Upon arrival in Cortona the rain commenced.  Being in Tuscany makes rain bearable.  Just open the umbrella.  In the US I avoid getting wet at all costs.  I'm so much cooler in Italy.

Anyway, Cortona is a hill town.  It literally sits on top of a hill.  (Diane Lane DOES NOT mention this in the movie, by the way.)  The train dropped us off at the bottom of this mini-mountain and we started to hike up.  It was so gorgeous and when you looked back down you could see miles of country around you.  Honestly, maybe the most romantic place on earth.  I can't describe how pretty. 

Halfway up the path we realized it was actually a really long driveway and wouldn't take us into town.  Oh crap, oh well it's been pretty.  We'll just walk down and find another path up.  Sounds good.  So we went back to the civilization at the bottom of the hill and started up again on an actual paved road.  It was raining pretty hard, though not pouring, and we were wet, but still excited to get to the top and actually be in Cortona.  Granted, it was starting to get a little dark, but, I mean, they have electricity at the top, so no big deal. 

We kept going, and on the way, in the rain, my really cheap umbrella which was already in two pieces, inverted and cracked.  I left it in a fence and went ahead with a hat instead. Wet wet wet wet wet.  And chilly. Still happy, though, because it is of course, awesome.  Almost to what may be considered the top, Steph realized we are actually not on a sidewalk, the cars are whizzing by, and the road starts to curve back and forth along the side of the hill the way it does in mountains that are to steep to drive straight up.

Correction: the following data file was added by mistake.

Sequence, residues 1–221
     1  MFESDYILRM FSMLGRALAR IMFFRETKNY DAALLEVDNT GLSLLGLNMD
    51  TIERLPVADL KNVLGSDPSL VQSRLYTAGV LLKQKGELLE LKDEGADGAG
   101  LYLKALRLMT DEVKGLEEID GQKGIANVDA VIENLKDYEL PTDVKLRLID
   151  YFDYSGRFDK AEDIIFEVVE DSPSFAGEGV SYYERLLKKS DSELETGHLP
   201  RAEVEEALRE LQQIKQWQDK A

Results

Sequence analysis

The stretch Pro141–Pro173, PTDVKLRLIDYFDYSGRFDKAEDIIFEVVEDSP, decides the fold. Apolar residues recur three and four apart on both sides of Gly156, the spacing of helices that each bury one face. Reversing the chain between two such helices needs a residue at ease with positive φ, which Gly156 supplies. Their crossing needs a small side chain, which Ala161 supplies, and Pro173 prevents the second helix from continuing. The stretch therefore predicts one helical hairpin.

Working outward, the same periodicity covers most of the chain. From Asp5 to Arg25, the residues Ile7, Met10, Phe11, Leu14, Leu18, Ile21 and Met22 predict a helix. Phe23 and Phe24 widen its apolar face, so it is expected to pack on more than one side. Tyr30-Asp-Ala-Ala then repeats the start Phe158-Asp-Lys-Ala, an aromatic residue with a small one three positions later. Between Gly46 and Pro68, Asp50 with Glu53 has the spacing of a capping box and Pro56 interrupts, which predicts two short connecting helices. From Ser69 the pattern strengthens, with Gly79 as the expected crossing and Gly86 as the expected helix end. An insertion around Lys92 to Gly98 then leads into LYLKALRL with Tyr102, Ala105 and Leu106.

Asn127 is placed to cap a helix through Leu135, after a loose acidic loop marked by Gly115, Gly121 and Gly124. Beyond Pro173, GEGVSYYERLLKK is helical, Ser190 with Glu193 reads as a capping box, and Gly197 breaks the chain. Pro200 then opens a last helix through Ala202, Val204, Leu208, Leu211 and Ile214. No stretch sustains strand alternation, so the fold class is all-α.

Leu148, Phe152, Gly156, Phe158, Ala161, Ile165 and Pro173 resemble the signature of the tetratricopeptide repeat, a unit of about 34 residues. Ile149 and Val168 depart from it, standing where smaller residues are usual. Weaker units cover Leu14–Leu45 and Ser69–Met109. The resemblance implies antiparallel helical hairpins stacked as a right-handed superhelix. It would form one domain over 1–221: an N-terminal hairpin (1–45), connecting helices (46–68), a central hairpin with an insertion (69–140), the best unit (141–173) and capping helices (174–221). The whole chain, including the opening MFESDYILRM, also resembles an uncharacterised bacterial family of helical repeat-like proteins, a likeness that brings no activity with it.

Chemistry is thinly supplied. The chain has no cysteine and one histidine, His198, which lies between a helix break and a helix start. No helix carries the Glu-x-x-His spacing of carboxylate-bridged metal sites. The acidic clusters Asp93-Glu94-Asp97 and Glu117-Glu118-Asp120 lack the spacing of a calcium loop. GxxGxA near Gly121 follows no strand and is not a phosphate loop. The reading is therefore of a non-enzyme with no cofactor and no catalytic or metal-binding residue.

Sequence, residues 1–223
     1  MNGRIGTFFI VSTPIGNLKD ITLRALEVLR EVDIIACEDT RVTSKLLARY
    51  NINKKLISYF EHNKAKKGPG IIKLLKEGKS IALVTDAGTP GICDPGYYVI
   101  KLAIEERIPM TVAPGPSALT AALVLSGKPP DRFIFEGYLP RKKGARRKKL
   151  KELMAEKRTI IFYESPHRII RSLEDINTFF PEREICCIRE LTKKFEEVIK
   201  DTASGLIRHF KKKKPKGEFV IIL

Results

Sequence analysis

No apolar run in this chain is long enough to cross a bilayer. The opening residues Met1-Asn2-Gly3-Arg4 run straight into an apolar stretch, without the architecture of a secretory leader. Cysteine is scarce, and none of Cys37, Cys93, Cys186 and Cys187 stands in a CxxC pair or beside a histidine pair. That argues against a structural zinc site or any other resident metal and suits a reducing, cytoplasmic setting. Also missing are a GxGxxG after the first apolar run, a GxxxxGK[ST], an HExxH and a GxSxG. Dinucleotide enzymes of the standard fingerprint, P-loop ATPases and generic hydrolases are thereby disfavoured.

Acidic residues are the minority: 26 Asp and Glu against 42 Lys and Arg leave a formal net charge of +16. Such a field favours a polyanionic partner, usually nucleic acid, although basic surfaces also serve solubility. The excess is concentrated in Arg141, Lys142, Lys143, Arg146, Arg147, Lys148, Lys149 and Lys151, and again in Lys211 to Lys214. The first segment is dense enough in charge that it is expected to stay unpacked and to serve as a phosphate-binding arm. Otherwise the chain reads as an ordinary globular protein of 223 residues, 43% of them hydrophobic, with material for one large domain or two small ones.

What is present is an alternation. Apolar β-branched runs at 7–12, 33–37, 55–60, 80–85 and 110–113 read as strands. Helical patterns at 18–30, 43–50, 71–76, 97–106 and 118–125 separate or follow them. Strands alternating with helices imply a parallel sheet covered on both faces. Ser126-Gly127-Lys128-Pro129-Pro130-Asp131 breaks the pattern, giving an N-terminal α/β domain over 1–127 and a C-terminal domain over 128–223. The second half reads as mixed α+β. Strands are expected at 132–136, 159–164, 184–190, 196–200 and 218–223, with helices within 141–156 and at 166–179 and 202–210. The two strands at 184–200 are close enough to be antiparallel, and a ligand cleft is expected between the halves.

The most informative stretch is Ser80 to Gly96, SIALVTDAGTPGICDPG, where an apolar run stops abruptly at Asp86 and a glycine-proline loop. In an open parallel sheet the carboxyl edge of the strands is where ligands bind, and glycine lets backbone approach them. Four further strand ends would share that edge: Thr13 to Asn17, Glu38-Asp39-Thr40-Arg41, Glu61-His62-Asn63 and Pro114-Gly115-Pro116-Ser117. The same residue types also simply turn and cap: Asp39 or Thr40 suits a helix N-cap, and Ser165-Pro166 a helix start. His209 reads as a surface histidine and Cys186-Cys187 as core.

Well, now we needed to make a decision.  It was freezing.  We were wet and the road was dangerous and dark and there was a good chance that if we did keep going we wouldn't make it back down in time, or alive, for the train back to Rome.  This unserstood, the five of us turned around and hoofed it back to the bottom. 

My train of thought was something like "This is a little miserable, but I won't verbalize that because I got us into this mess.  I would like some food, please, and a nap."

So then we walked through the town at the bottom of the hill (not Cortona, not that pretty) and looked for a resaurant.  Nothing was open, so we got pizza at what seemed to be the Friday night hang out for high schoolers.  It's intimidating being around sixteen year olds who are staring at you and saying who-knows-what about the rain soaked americans.  They had this pizza, though, made of Nutella.  I will just say, the trip may have been worth it just because of the Nutella pizza.

After food, we walked around a little (found a Ford dealership, hah.) and decided to take an earlier train back to Rome because we had to be up early to leave for Venice Saturday morning. 

In the end, we didn't actually get to Cortona.  We got halfway up to it.  We got wet and we got pizza.  We did, however, learn how to navigate Italy's trains and how to get to the main train station from our neighborhood.  It was a learning experience for sure.  However, I no longer have the trust of anyone I live with, as far as planning things goes.  And I am still a little afraid they're mad at me.  Probably, I would be mad at me too, but being me and not them, I keep thinking, I really didn't know and how was I supposed to know?? Rick Steve's guidebook didn't say how to use the train system.